• 40. In January 2001, Safeway issued senior unsecured debt L E T T E R S O F C R E D I T The Company had letters of credit facilities consisting of 7.25% debentures due 2031. of $148.0 million outstanding at year-end 2002, of which In September 1999, Safeway issued senior unsecured $35.9 million were issued under the bank credit agreement. debt facilities consisting of 7.00% Notes due 2002, 7.25% The letters of credit are maintained primarily to support Notes due 2004 and 7.5% Notes due 2009. On September performance, payment, deposit or surety obligations of the 15, 2002, the 7.00% Notes, due 2002, were paid. Company. The Company pays commitment fees ranging In 1998 Safeway issued senior unsecured debt facilities from 0.15% to 1.00% on the outstanding letters of credit. consisting of 5.75% Notes due 2000, 5.875% Notes due 2001, 6.05% Notes due 2003 and 6.50% Notes due 2008. NOTE F: LEASE OBLIGATIONS On November 15, 2001, the 5.875% Notes were paid and on Approximately two-thirds of the premises that the Company November 15, 2000, the 5.75% Notes, due 2002, were paid. occupies are leased. The Company had approximately In 1997 Safeway issued senior unsecured debt facilities 1,500 leases at year-end 2002, including approximately 180 consisting of 6.85% Senior Notes due 2004, 7.00% Senior that are capitalized for financial reporting purposes. Most Notes due 2007 and 7.45% Senior Debentures due 2027. leases have renewal options, some with terms and conditions similar to the original lease, others with reduced rental rates The 9.65% Senior S E N I O R S U B O R D I N AT E D I N D E B T E D N E S S during the option periods. Certain of these leases contain Subordinated Debentures due 2004 and 9.875% Senior options to purchase the property at amounts that approxi- Subordinated Debentures due 2007 are subordinated in mate fair market value. right of payment to, among other things, the Company’s As of year-end 2002, future minimum rental payments borrowings under the bank credit agreement, the 9.30% applicable to non-cancelable capital and operating leases Senior Secured Debentures and mortgage notes payable. with remaining terms in excess of one year were as follows (in millions): N O T E S PAYA B L E Mortgage notes payable at MORTGAGE year-end 2002 have remaining terms ranging from one to Capital Operating 21 years, have a weighted average interest rate of 8.94% and Leases Leases are secured by properties with a net book value of approxi- 2003 $ 79.7 $ 341.7 mately $131 million. 2004 79.1 332.7 2005 77.8 317.1 O T H E R N O T E S PAYA B L E Other notes payable at year-end 2006 75.6 299.4 2002 have remaining terms ranging from one to seven years 2007 72.6 279.5 Thereafter 749.2 2,542.7 and a weighted average interest rate of 4.75%. Total minimum lease payments 1,134.0 $4,113.1 As of year-end 2002, annual A N N U A L D E B T M AT U R I T I E S Less amounts representing interest (596.5) debt maturities were as follows (in millions): Present value of net minimum lease payments 537.5 Less current obligations (25.2) 2003 $ 780.3 Long-term obligations $ 512.3 2004 699.6 2005 232.5 2006 2,479.7 Future minimum lease payments under non-cancelable 2007 785.0 capital and operating lease agreements have not been reduced Thereafter 2,812.4 by minimum sublease rental income of $206.8 million. $7,789.5 Amortization expense for property under capital leases was $23.7 million in 2002, $16.7 million in 2001 and $20.1 mil- lion in 2000. Accumulated amortization of property under capital leases was $62.4 million at year-end 2002 and $49.6 million at year-end 2001. 38 SAFEWAY INC. 2002 ANNUAL REPORT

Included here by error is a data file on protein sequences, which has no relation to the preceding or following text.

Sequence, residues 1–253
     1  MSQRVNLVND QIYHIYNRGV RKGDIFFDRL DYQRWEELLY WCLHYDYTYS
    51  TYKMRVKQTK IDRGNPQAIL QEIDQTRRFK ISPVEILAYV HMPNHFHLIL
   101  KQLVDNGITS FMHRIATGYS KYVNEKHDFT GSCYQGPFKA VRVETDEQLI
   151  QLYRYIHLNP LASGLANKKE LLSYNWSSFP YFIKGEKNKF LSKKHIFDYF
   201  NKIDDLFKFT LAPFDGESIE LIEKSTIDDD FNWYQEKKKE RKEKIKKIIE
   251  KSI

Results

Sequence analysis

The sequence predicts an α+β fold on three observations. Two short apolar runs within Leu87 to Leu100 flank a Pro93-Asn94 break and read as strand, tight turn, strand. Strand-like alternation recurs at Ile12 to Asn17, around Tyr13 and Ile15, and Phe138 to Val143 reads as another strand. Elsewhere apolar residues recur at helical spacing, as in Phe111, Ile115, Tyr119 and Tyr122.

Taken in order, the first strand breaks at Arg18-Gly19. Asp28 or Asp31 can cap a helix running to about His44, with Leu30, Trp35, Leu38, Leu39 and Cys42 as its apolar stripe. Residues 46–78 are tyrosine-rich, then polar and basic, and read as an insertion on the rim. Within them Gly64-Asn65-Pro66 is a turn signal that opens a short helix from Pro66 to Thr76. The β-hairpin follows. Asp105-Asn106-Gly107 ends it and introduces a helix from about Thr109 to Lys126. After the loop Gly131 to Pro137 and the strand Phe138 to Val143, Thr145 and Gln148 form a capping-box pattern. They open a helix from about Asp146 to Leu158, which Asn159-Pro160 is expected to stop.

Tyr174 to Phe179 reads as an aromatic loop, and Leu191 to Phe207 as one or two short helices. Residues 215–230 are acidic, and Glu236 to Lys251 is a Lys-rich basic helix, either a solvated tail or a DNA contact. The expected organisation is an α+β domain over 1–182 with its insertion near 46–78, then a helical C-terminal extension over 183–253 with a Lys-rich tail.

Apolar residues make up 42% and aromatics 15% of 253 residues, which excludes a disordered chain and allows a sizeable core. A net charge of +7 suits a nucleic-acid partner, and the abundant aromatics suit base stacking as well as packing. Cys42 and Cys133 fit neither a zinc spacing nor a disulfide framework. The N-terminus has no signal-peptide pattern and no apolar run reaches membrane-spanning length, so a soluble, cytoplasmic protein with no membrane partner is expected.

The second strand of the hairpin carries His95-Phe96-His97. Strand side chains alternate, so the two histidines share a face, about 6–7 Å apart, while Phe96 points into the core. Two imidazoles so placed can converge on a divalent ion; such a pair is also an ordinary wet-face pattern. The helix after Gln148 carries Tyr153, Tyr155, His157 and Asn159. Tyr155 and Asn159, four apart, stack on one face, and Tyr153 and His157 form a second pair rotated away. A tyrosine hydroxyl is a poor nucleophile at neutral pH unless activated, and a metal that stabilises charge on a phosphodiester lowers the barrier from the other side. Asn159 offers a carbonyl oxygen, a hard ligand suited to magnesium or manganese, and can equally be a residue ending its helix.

• 41. The following schedule shows the composition of total Interest expense of $62.2 million in 2002, $80.8 million in rental expense for all operating leases (in millions). In general, 2001 and $93.6 million in 2000 was allocated to, and is contingent rentals are based on individual store sales. included in, loss on discontinued operations. Interest expense was allocated based on the ratio of Dominick’s net assets to 2002 2001 2000 total Safeway net assets. Property leases: Minimum rentals $324.8 $282.3 $343.1 NOTE H: CAPITAL STOCK Contingent rentals 16.5 16.8 16.9 Less rentals from subleases (31.7) (25.6) (29.0) Authorized preferred SHARES AUTHORIZED AND ISSUED 309.6 273.5 331.0 stock consists of 25 million shares of which none were out- Equipment leases 30.1 30.1 25.0 standing during 2002, 2001 or 2000. Authorized common $339.7 $303.6 $356.0 stock consists of 1.5 billion shares at $0.01 par value. Common stock outstanding at year-end 2002 was 441.0 mil- NOTE G: INTEREST EXPENSE lion shares (net of 132.0 million shares of treasury stock) and Interest expense consisted of the following (in millions): 488.1 million shares at year-end 2001 (net of 82.7 million shares of treasury stock). 2002 2001 2000 Under Safeway’s 1999 Equity STOCK OPTION PLANS Commercial paper $ 61.3 $138.8 $ 32.0 Bank credit agreement 6.8 7.7 Participation Plan (the “1999 Plan”), the Company may 3.1 9.30% Senior Secured Debentures 2.3 2.3 2.3 grant incentive and non-qualified options to purchase com- 6.85% Senior Notes 13.7 13.7 13.7 mon stock at an exercise price equal to or greater than the 7.00% Senior Notes 17.5 17.5 17.5 fair market value at the grant date, as determined by the 7.45% Senior Debentures 11.2 11.2 11.2 Compensation and Stock Option Committee of the Board 3.80% Senior Notes – – 3.3 4.80% Senior Notes – – 10.5 of Directors, as well as other stock-based awards. Options 5.80% Senior Notes – – 17.7 generally vest over five or seven years. Vested options are 5.75% Senior Notes – 19.9 – exercisable in part or in full at any time prior to the expira- 5.875% Senior Notes 20.3 23.5 – tion date of 10 to 15 years from the date of the grant. 6.05% Senior Notes 21.2 21.2 21.2 6.50% Senior Notes 16.3 16.3 16.3 Options to purchase approximately 5.0 million shares were 7.00% Senior Notes 42.0 42.0 29.4 available for grant under the 1999 Plan at year-end 2002. 7.25% Senior Notes 29.0 29.0 29.0 On July 31, 2002, the Board of Directors adopted the 7.50% Senior Notes 37.5 37.5 37.5 2002 Equity Incentive Plan of Safeway Inc. (the “2002 6.15% Senior Notes 35.5 – 43.1 6.50% Senior Notes 26.8 – 32.5 Plan”), under which awards of non-qualified stock options 7.25% Senior Debentures 39.8 – 43.5 and stock-based awards may be made. There are 2.0 mil- 3.625% Senior Notes 2.2 – 14.5 lion shares of common stock authorized for issuance pur- 10.00% Senior Subordinated Notes 7.2 8.0 – suant to grants under the 2002 Plan. At year-end 2002, no 9.65% Senior Subordinated Debentures 7.8 7.8 awards had been made. 7.8 9.875% Senior Subordinated Debentures 2.4 2.4 2.4 10.00% Senior Notes 0.6 0.6 0.5 Mortgage notes payable 6.0 6.7 4.2 Other notes payable 3.0 7.1 1.7 Medium-term notes 1.4 1.6 1.4 Short-term bank borrowings 0.9 3.9 – Obligations under capital leases 50.1 48.3 57.0 Amortization of deferred finance costs 8.0 7.0 7.8 Interest rate swap and cap agreements 1.8 0.2 0.7 Capitalized interest (25.7) (17.0) (31.0) $446.9 $457.2 $430.8 Less amount allocated to, and included in, discontinued operations (62.2) (80.8) (93.6) $366.1 $363.6 $368.6 39 SAFEWAY INC. 2002 ANNUAL REPORT